Will Smith’s wife, Jada Pinkett Smith, admitted that she “truly didn’t want to get married.”

In fact, the “Matrix” actress admitted to “weeping down the freaking aisle” before marrying the “Fresh Prince of Bel-Air” actor on New Year’s Eve in 1997, despite Smith’s infamous Oscars smack-down of Chris Rock and the Academy’s decision Friday to ban him from the ceremony for ten years.

“I was under so much stress, you know, being a young actress, being young, and I was just, like, pregnant, and I didn’t know what to do,” said Pinkett Smith, 50, in a recently resurrected excerpt from her Facebook series “Red Table Talk.” “I had no desire to be married.”

Pinkett Smith candidly recalls her mom, Adrienne Banfield-Norris, also known as “Gammy,” 68, forcing her and Smith to marry after she became pregnant with their first son, Jaden, now 23, in a clip from 2018 that has resurfaced amid renewed controversy surrounding her louche “entanglement” with R&B singer August Alsina, 29.

“I didn’t want to be married,” Pinkett Smith reiterated as she sat at the circular table with her mother, Smith, 53, and their daughter Willow, 21.

“We only got married since Gammy was crying,” Smith told Willow, chuckling.

“It was almost as if Gammy was saying, ‘You have to get married, so let’s speak about the wedding,'” Pinkett Smith added, prompting Banfield-Norris to admit, “I remember feeling very passionately and wanting you guys to get married.”

Pinkett Smith’s mother was only 18 when she became pregnant with her daughter, and she married her father, Robsol Pinkett Jr., for a short time.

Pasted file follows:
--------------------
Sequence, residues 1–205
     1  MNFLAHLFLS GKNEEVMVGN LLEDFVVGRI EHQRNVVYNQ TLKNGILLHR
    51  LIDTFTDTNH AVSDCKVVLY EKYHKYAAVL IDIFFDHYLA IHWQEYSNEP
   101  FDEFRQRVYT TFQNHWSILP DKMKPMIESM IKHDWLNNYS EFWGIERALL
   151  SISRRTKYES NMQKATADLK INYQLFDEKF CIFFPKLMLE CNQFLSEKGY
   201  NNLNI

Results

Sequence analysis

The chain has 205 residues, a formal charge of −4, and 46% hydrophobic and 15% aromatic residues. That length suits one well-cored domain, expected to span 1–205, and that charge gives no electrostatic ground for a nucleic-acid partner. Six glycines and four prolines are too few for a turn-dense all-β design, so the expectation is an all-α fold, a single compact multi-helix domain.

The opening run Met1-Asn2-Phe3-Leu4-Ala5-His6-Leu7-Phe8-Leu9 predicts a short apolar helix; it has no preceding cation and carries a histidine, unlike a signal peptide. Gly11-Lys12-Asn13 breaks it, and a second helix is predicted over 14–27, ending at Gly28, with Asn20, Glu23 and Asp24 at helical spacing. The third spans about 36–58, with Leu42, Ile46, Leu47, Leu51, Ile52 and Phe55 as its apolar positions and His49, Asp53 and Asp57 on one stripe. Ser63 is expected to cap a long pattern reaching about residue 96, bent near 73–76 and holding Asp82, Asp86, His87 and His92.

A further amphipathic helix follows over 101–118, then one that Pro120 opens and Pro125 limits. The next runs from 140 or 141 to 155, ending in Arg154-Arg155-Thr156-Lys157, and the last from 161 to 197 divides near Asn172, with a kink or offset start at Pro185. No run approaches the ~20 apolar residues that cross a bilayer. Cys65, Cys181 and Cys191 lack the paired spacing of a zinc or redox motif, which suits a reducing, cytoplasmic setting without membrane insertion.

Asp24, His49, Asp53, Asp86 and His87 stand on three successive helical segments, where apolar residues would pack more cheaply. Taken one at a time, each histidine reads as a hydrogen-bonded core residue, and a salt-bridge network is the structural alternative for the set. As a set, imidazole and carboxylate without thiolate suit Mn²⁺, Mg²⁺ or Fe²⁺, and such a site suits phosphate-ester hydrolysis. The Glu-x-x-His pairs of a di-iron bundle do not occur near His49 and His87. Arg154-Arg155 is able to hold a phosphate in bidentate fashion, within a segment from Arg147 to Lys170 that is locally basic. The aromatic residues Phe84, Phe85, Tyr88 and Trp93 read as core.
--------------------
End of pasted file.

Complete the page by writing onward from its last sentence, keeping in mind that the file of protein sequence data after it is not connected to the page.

“I remember wanting you and Will to marry,” Banfield-Norris continued, “but I don’t recall your rejection of the idea of marriage.” “I recall being turned down for a wedding but not for a marriage.”

After that, Pinkett Smith reported being browbeaten into submitting to Big Day.

“And now Gammy’s gone to Will and cried about ‘I don’t want a wedding,’ and now I’m being pushed to have a wedding,” she explained. “All I wanted was for it to be just the two of us on a mountain because I was like, ‘This is serious business,'” she says.

Jada and Will tied the knot in the Gothic-style Cloisters Castle in a Baltimore suburb. Despite the beautiful setting, Pinkett Smith and her mother both admitted that it was less than ideal.

Banfield-Norris admitted, “The wedding was dreadful.” “It was a disaster.” Jada was sick, and she was a thorn in my side… She refused to cooperate in any way.”

“And I was so upset that I had to have a wedding,” Pinkett Smith concurred, laughing. I was so enraged that I sobbed my way down the stinking aisle. “I cried the entire time I was walking down the aisle.”

Smith, on the other hand, was delightfully ecstatic on their wedding day, having won his first Oscar in March for a brilliant depiction of Venus and Serena Williams’ father, Richard Williams, 80, in the feature film “King Richard.”

During the episode, he claimed, “There wasn’t a day in my life when I didn’t want to be married and have a family.” “I’ve been imagining my family since I was about five years old.”

Despite Pinkett Smith’s visceral opposition to their nuptials, she and Smith eventually agreed that getting married was “the correct move.”

Banfield-Norris also expressed regret for not respecting her daughter’s objections to a wedding and for being “selfish” in insisting on a grandiose event because Pinkett Smith is her only child.

The resurfaced “Red Table Talk” tape follows the discovery of new material from the couple’s tumultuous recent history.

In an Instagram Live video from 2019, a visibly irritated Smith chastised his wife for broadcasting him on media platforms without his permission.

“Don’t just start filming me without asking,” Smith remarked, responding to Pinkett Smith’s question, “Would you say [therapist Esther Perel] has been instrumental in you and I rebuilding our relationship?”

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